Saturday 21 June 2008

Italian Mystery

Finished June 21
The Girl of His Dreams by Donna Leon
This is the newest Commissario Guido Brunetti mystery, and it begins with the funeral of his mother. There is a story here that involves a priest that gave a blessing at the funeral and his request that Brunetti look into a possible scam by a religious personage.
The main story involves a young girl found drowned in a canal. She is only eleven and it is this girl who haunts Brunetti's dreams. He is bothered by the circumstances of both her life and her death and feels compelled to look into both further.
Brunetti always faces interesting moral situations, situations that cause him to look hard at Venetian society and the actions of its people and institutions. They also always cause him to look for assistance to his wonderful wife Paola and take her opinions very seriously. I very much like his character and several of the other characters in his department, both police and civilian.
The stories are always more than just mysteries and never have easy answers.
There is also always good food, and good food in Italy is some of the best.

World War II Novel

Finished June 21
Skeletons at the Feast by Chris Bohjalian
This story begins in Poland at the estate Kaminheim, owned by the Emmerich family. The Russians are advancing and due to the stories being told of their brutality against civilians, most people are fleeing in advance of them. The Emmerichs, consisting of Irmgard and Rolf and three of their children, Anna, Helmut and Theo. They also have with them Callum, a POW from Scotland who was working on their farm and whom Anna is having a secret relationship with. They must cross the frozen Vistula river and keep moving west from there. Part of the reason they are travelling with Callum is that they hope the might meet up with British forces eventually and that he will vouch for them.
We also follow Uri, a German Jew who escaped from a train travelling to the camps and has since been taking on various identities, often of German soldiers, to survive. He is looking for his sister Rebekah who was also taken to the camp and whom he is not sure still lives.
The third story is that of Cecile, a French Jew who had been working in a factory attached to a camp and is now being moved west with the rest of her camp to an uncertain destination. She feels close to Jeanne and tries to keep her motivated to live and hope for rescue from their situation.
As they all work their way west, they encounter each other and play roles that influence the direction of each others' lives.
This is a story of strong characters, particularly Anna and Uri, and the feelings that underlie their actions. The situation is constantly changing, but always somewhat desperate and none of them are really sure what they are ultimately hoping for.

Friday 20 June 2008

A Classic

Finished June 19
Lolita by Vladimir Nabokov, read by Jeremy Irons
This is one of the ones that everyone has heard about, but not a lot of people seem to have read. I finally decided to tackle it as I heard this audio version was very good.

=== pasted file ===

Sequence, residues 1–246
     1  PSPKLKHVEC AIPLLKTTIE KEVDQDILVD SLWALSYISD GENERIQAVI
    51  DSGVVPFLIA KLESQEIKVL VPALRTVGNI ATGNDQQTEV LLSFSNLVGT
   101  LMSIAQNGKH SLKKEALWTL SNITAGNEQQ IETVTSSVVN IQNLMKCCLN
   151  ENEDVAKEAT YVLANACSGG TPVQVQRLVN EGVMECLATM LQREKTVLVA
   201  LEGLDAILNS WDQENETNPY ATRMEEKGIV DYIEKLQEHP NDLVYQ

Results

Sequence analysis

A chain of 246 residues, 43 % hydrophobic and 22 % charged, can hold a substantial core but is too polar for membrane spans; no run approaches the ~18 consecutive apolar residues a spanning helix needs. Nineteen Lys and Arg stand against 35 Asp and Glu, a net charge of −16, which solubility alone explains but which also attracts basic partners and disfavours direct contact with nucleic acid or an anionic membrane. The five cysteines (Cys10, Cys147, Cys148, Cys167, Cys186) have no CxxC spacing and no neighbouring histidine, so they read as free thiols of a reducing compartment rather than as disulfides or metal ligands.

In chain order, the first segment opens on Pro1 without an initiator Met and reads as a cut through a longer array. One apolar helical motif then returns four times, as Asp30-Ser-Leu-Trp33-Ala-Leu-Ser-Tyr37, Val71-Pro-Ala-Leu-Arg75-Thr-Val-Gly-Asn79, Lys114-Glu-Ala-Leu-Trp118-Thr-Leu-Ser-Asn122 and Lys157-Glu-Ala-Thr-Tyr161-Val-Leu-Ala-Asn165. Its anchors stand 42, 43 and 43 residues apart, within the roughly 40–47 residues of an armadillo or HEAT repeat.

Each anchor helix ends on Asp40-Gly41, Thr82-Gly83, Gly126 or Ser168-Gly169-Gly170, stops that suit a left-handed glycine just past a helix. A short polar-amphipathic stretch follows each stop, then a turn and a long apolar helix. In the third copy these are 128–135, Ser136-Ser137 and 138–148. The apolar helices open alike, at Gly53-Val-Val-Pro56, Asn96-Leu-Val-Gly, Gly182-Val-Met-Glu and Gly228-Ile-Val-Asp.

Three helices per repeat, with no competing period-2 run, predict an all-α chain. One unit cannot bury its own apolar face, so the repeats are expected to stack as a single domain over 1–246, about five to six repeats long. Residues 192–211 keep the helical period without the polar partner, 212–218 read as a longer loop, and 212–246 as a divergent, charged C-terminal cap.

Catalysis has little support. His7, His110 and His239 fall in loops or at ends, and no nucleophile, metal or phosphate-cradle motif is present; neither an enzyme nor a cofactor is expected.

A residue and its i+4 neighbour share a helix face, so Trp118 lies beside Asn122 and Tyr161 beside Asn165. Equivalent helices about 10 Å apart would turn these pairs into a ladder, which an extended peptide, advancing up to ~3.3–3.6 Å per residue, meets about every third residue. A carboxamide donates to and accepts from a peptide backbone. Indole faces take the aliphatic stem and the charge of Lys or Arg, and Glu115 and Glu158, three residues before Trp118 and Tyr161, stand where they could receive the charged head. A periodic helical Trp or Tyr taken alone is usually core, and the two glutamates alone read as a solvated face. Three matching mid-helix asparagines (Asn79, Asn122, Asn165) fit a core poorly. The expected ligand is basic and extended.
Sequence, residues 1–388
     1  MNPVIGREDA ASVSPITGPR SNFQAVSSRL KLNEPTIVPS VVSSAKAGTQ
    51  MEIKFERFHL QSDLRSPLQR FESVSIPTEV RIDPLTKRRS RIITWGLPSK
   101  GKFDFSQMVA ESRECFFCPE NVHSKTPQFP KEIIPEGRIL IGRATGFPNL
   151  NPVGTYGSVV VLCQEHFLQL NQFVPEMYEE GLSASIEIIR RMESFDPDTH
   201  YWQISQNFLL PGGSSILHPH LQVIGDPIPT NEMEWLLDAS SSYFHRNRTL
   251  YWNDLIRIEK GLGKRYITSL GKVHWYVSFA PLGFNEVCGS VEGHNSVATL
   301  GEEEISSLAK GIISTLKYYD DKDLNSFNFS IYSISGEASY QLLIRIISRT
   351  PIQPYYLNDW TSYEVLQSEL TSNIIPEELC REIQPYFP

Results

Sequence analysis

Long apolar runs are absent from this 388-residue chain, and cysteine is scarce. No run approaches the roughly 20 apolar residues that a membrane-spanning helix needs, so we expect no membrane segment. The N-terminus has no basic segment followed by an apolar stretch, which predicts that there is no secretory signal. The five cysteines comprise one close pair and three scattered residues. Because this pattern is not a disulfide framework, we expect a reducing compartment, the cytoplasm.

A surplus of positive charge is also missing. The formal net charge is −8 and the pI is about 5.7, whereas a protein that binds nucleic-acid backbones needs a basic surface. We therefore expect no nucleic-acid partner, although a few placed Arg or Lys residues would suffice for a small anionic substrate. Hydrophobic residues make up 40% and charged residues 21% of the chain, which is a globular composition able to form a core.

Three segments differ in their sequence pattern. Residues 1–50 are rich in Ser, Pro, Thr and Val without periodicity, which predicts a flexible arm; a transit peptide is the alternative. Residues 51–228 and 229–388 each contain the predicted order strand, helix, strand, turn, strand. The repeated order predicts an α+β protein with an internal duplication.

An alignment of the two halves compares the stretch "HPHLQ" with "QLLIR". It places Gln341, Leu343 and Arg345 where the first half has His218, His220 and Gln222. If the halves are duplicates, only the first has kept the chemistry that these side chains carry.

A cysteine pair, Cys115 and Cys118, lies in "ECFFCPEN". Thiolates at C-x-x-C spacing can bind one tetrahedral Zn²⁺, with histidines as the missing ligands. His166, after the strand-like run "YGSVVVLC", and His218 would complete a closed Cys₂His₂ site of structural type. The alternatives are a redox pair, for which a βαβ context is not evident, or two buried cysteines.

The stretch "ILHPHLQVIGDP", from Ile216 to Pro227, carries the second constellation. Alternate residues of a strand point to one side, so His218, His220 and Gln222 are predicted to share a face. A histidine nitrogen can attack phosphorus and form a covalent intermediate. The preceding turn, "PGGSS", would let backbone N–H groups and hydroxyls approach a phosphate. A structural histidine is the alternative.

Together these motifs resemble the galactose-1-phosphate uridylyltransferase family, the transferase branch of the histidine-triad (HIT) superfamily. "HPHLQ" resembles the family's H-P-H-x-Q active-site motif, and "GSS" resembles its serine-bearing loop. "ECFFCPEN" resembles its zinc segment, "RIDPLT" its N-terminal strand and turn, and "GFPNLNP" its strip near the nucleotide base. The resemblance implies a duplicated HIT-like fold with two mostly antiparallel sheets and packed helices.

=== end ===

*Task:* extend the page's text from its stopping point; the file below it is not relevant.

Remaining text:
Jeremy Irons does a wonderful job on bringing this novel to life.
The novel was so different than I expected it to be. So much sadder than I had thought. It also covered so much of America of that time period that really gave me a feel for the culture of the time.
It was sometimes hard to remember that this novel was set in the late 1940s and early 1950s, as there seems to be so much going on that I thought of as being more recent. I loved the descriptive passages, both of the geography and culture of the travels, and of Humbert's description of the people he interacted with, especially his descriptions of Lolita.
Lolita is knowing, yet naive; complicit, yet coerced; and this duality of her nature makes her even more interesting.
Some of the middle dragged a bit for me, so I was glad of the wonderful audio to keep me going with it. The end was worth it.

New Thriller

Finished June 24
The Woods by Harlan Coben
Paul Copeland is a county prosecutor in New Jersey. He is also a widower with a young daughter. Twenty years ago he was a counselor at a camp where there was a multiple murder. He had abandoned his post to be with his girlfriend and meanwhile four teenagers, two boys and two girls had also left the cabin for the woods. The bodies of two of the teenagers were later found and the others were presumed dead as well. One of the presumed dead was Paul's sister Camille. His family never got over it. His mother left them and he hasn't seen her again. Now, a body has appeared with his name on an item in its pockets and he is sure that it is the other presumed dead teen. But that changes his whole take on what happened that night.
Paul is also involved in a case where two white frat boys have been charged with the rape of a black exotic dancer. One of the boys fathers has tried both bribery and threats to have the charges against his son dropped. Paul is standing firm, but the father has many resources that he may use against Paul.
Also, nearby, Paul's old girlfriend from the camp, Lucy, is getting some papers turned in for an anonymous exercise by her students that also brings the memories of what happened at camp back. When the two find each other, they work towards finding out the truth of what happened that night.
Lots of action, some romance. I sat up until late finishing it.

Monday 16 June 2008


Finished June 15
13 Bullets: a vampire tale by David Wellington
This is my third novel with vampires and boy are they ever different from each other.
One of the big differences is how vampires are made. Here the vampires are rarer, but there are lots of half-dead and even more bodies of victims. This novel is very violent and the vampires are very much controlled by their bloodlust.